The spirit of adventure is obviously the prevailing theme of this fantasy. The demolition of the immense walls surrounding Alexa’s home signifies breaking away from safety and taking risks. Alexa herself takes many risks to save her home and in the process discovers a magical secret that will indefinitely change her life. I found her character bold, daring, loving, and a loyal friend. Her actions attest to her loyalty. Everything the does is for the benefit of somebody she loves or to help someone in need. The author did a fine job in constructing a suitable persona for her character.

The Land of Elyon is a very mysterious setting for the events happening in the story. The map provided in the front allows readers to foreshadow where Alexa’s destiny will take her next. It alludes to coming adventures.  

This is a fast-paced novel that I would deem most suitable for a middle-grade audience. Although the writing suggests such, an adult could still enjoy the shroud of intrigue and resourceful characters that fill its pages. Indeed, The Dark Hills Divide is a great introduction to a surely captivating series that anyone should like.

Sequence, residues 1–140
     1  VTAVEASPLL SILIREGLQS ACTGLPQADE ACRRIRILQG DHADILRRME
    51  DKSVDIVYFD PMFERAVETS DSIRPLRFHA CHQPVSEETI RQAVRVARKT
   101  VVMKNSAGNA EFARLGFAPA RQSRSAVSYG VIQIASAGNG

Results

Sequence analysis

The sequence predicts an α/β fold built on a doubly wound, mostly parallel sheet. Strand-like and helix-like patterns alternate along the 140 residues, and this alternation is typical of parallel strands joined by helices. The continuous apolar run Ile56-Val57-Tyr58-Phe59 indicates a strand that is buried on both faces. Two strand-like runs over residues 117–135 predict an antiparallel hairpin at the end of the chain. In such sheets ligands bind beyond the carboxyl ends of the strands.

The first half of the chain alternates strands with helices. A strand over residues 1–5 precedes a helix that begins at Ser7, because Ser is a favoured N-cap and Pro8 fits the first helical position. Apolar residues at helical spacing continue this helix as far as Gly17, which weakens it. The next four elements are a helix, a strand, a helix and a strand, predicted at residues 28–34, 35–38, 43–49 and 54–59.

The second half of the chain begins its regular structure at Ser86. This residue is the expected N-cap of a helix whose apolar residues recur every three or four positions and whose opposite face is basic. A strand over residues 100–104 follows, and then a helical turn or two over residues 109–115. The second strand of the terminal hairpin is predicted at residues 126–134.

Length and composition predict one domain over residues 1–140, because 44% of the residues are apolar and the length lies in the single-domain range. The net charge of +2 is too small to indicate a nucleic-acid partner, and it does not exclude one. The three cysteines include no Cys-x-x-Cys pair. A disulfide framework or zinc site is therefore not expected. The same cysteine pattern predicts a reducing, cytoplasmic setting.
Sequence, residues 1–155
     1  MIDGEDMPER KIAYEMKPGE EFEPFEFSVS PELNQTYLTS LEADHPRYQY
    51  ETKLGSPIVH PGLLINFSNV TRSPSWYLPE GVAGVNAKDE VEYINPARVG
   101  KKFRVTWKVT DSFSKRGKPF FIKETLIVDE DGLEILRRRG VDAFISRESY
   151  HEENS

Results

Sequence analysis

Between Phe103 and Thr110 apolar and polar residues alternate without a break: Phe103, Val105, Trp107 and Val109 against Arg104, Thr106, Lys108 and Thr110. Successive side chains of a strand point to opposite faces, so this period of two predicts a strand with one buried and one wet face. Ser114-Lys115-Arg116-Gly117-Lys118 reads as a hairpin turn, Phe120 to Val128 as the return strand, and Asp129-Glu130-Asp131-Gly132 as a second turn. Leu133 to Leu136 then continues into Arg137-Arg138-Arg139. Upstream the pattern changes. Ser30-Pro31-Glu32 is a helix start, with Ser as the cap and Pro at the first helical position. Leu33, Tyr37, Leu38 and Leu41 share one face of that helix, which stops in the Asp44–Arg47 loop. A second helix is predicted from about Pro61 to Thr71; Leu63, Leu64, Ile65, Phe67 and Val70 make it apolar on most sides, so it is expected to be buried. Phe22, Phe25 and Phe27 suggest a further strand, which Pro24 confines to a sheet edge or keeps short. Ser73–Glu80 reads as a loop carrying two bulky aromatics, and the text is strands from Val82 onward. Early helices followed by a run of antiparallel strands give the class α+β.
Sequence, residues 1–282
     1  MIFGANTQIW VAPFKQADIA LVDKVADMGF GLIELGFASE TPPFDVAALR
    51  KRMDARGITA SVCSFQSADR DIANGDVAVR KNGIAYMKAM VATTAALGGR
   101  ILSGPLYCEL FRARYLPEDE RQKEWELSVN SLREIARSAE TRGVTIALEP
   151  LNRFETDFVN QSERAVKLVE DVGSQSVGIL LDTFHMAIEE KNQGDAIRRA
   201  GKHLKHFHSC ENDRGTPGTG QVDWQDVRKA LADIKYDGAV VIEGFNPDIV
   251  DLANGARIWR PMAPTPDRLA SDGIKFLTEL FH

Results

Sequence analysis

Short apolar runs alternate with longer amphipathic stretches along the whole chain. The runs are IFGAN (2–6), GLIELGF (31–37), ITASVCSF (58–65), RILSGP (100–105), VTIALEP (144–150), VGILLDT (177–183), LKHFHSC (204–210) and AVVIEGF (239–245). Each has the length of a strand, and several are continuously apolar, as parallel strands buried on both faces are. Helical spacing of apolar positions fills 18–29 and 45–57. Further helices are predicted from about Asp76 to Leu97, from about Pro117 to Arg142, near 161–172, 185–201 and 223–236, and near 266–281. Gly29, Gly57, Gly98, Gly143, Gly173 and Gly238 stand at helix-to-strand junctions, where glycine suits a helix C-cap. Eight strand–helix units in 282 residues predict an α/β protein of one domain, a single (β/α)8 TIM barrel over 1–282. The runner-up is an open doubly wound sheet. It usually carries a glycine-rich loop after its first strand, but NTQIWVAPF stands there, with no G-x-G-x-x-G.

http://www.patrickcarman.com/enter/elyon/

Carman, Patrick. (2005) The Dark Hills Divide. United States: Scholastic Press.

Fire World (Last Dragon Chronicles #6) by Chris D’Lacey

Fire World by Chris D’Lacey

Publisher: Orchard Books
Release Date: January 6, 2011
Other Titles in Series: The Fire Within (#1), Icefire (#2), Fire Star (#3), The Fire Eternal (#4), and Dark Fire (#5)

Rating:
Characters: 20/20
Plot: 20/20
Originality: 20/20
Writing: 20/20
Recommendation: 19/20
Overall: 99/100
Source: Library

Synopsis: David Rain, Lucy, Zanna, and the Pennykettle dragons disappeared after destroying a trace of dark fire.